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Reflecting on the Hottest Energy Industry Trends in 2014

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Early last year I outlined predictions on some of the bigger trends that I thought were going to shape the retail energy industry. It’s time to take stock on how I did.

In 2014, predictions alluded to the following: 1) the pace of U.S. solar deployment would hasten, 2) energy storage would become ‘the next big thing’, and that 3) end-use electricity consumption would remain flat or decline. So what happened in each of these areas?

  1. Solar’s banner year: A near all-time quarterly record for installed photovoltaic (PV) capacity was set in Q3 2014, with 1,354 MW representing a 41% increase over the same period in 2013. In addition, total capacity coming into production for the first nine months of the year outpaced the same period in 2013 by nearly 50%! Q4 2014 installed capacity figures are still being tallied, but it’s safe to say that the industry continued to pick up the pace of growth.1
  2. Storage has its big debut: Thanks to Elon Musk’s decision to build a “gigafactory” in Nevada, which is currently under construction, the energy storage industry got a much needed publicity boost last year. More importantly than the limelight though, the Tesla factory, which is expected to produce enough lithium ion batteries to power 500,000 Tesla’s by 20202, will bring economies of scale to battery materials, processes, and ancillary industries that has never been seen before in that sector. This could have many ripple effects for homes and businesses, and some industry analysts are even predicting that one day soon, we will all have storage equipment in our homes and offices the way we have furnaces and hot water heaters today.
  3. Energy consumption stays flat: Full-year figures from the U.S. Energy Information Agency  are not yet available, but based on 2013 data, end-use electricity consumption continues to decline although it fell less between 2013 and 2012 than in the previous 12-month period.The fall in consumption was very minimal, coming in at -0.0003% but it does repeat a trend that started in 2008. Electricity consumption has now fallen consecutively over the past three years, and five times out of the last six years. For energy suppliers, this means they can’t rely on incremental growth in demand anymore and will continue to compete more aggressively on price and solutions that add value to business and residential customers.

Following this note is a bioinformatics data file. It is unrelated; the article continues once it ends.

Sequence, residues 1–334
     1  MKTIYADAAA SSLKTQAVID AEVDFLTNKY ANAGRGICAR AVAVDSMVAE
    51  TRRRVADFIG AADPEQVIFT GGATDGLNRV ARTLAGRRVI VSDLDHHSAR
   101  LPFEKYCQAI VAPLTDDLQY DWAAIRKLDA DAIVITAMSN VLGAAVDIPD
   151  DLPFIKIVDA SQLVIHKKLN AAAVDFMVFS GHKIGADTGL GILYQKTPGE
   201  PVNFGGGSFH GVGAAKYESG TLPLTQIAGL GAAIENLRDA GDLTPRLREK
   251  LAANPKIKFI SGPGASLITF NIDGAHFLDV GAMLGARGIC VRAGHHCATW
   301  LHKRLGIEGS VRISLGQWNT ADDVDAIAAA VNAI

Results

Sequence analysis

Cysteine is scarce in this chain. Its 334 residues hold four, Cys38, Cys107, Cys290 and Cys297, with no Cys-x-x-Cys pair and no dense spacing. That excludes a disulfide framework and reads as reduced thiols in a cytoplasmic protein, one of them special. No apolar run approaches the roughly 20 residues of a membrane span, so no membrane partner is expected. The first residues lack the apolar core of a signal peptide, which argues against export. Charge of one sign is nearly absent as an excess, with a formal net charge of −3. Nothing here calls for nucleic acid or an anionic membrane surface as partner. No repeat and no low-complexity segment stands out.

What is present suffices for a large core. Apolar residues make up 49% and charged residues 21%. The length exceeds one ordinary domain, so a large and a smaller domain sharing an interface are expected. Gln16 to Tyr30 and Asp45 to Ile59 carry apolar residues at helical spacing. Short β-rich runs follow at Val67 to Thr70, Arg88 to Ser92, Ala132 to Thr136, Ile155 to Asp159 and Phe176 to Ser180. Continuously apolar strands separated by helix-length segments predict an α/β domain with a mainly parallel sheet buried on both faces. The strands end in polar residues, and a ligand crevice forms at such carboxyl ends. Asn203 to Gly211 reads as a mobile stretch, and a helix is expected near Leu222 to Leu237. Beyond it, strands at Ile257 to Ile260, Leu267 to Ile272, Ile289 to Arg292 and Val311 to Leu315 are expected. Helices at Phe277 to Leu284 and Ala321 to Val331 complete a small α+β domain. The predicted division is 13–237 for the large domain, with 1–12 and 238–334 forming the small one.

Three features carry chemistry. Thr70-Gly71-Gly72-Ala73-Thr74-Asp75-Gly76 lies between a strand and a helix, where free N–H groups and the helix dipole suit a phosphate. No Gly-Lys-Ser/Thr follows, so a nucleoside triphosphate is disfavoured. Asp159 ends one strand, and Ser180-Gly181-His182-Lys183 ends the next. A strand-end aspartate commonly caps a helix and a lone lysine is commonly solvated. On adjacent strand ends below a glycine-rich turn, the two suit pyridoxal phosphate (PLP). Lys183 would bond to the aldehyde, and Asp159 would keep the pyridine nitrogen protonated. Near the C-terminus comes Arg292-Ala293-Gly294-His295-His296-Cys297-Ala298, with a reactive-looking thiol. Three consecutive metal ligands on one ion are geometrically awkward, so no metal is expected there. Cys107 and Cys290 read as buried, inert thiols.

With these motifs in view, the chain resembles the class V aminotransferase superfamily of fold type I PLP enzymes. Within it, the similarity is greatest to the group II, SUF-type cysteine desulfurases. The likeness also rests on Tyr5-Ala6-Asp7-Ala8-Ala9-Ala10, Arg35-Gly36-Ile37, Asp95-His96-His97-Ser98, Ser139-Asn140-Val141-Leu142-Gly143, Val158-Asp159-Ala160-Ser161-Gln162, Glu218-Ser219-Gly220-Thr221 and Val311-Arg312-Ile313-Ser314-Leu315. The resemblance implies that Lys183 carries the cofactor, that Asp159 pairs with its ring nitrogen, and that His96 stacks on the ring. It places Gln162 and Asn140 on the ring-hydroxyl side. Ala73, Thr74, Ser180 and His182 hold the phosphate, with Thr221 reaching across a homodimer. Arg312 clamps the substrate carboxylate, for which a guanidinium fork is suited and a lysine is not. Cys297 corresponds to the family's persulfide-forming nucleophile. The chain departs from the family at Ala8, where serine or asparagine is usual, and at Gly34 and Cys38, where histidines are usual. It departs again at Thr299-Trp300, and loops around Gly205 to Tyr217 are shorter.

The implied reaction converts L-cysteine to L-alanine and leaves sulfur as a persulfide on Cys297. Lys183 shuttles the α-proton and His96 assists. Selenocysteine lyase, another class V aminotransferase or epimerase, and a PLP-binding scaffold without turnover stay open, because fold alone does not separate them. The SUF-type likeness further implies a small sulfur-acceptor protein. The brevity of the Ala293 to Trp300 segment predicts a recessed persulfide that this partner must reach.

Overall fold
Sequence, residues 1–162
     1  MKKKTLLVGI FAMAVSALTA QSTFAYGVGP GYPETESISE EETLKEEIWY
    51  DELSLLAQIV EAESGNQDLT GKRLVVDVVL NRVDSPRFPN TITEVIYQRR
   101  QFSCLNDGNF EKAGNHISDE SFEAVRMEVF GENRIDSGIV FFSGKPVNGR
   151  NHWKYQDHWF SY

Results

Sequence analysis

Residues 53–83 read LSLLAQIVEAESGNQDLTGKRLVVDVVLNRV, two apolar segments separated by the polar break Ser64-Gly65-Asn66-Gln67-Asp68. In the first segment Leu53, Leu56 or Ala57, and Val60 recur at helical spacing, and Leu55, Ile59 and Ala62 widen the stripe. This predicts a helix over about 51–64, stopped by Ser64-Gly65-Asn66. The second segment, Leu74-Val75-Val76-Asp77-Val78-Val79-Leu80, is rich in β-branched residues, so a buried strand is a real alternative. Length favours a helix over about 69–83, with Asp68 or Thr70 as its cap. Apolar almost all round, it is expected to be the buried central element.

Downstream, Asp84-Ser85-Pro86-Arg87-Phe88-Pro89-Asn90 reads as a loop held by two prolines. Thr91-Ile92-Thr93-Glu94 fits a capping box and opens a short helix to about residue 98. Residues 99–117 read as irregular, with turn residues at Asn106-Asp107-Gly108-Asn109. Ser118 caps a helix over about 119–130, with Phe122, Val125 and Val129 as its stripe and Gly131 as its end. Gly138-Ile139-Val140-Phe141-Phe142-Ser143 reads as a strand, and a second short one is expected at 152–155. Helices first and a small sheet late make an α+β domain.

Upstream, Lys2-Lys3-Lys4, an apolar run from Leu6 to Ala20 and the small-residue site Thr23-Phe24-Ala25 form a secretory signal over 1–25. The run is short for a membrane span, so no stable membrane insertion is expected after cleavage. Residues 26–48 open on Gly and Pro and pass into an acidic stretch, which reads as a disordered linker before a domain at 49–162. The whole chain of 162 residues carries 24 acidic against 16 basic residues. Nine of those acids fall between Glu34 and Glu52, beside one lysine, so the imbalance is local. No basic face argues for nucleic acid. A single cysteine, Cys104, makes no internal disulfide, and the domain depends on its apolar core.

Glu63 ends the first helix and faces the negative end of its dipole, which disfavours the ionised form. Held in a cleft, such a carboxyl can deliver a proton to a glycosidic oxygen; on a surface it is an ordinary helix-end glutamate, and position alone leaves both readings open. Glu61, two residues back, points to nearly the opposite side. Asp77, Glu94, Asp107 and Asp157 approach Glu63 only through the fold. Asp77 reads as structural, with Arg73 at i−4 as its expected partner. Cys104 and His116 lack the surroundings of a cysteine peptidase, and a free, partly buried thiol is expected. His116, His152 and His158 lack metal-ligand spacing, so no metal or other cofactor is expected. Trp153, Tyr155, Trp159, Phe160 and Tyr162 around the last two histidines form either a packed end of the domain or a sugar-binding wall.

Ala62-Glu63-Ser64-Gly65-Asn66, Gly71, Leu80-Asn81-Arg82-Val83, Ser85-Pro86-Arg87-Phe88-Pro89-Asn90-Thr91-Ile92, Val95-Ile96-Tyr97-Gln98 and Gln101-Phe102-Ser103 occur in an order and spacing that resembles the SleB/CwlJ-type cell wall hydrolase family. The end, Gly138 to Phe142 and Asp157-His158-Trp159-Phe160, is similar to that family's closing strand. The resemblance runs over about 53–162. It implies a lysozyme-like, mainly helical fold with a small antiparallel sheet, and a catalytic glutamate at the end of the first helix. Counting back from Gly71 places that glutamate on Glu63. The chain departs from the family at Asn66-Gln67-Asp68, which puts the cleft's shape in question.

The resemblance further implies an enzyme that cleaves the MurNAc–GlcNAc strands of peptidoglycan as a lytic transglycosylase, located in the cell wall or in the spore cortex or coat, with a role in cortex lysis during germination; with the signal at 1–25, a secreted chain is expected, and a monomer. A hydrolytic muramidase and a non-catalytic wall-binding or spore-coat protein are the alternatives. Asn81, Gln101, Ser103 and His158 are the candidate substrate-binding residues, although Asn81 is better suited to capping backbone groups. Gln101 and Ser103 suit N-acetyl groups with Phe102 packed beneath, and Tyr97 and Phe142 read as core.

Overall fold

Keep an eye out for my next article where I’ll look at the trends we as a company are watching closely in 2015, and what they mean for the industry and your business going forward. With the sudden collapse of oil prices, an industry shakeup from the Polar Vortex, and a revitalized interest from government in our industry, there will be a lot to talk about this year!

Sources:
1 Kann, Shayle, et al. "Solar Market Insight Report 2014 Q3." SEIA. SEIA/GTM Research, Web.
2 Ferris David. "ENERGY STORAGE: How Will Testla's 'gigafactory' Affect the Grid?" E&E Publishing. E&E Publishing LLC, Web.
3 US Energy Information Administration / Monthly Energy Review January 2015." 7. Electricity (2015): 111. Web.

Mike D’Aurizio, Business Strategy Manager, is responsible for providing insight, analysis, and resolution of commercial and strategic issues for the Direct Energy Business leadership team.

Posted: January 23, 2015

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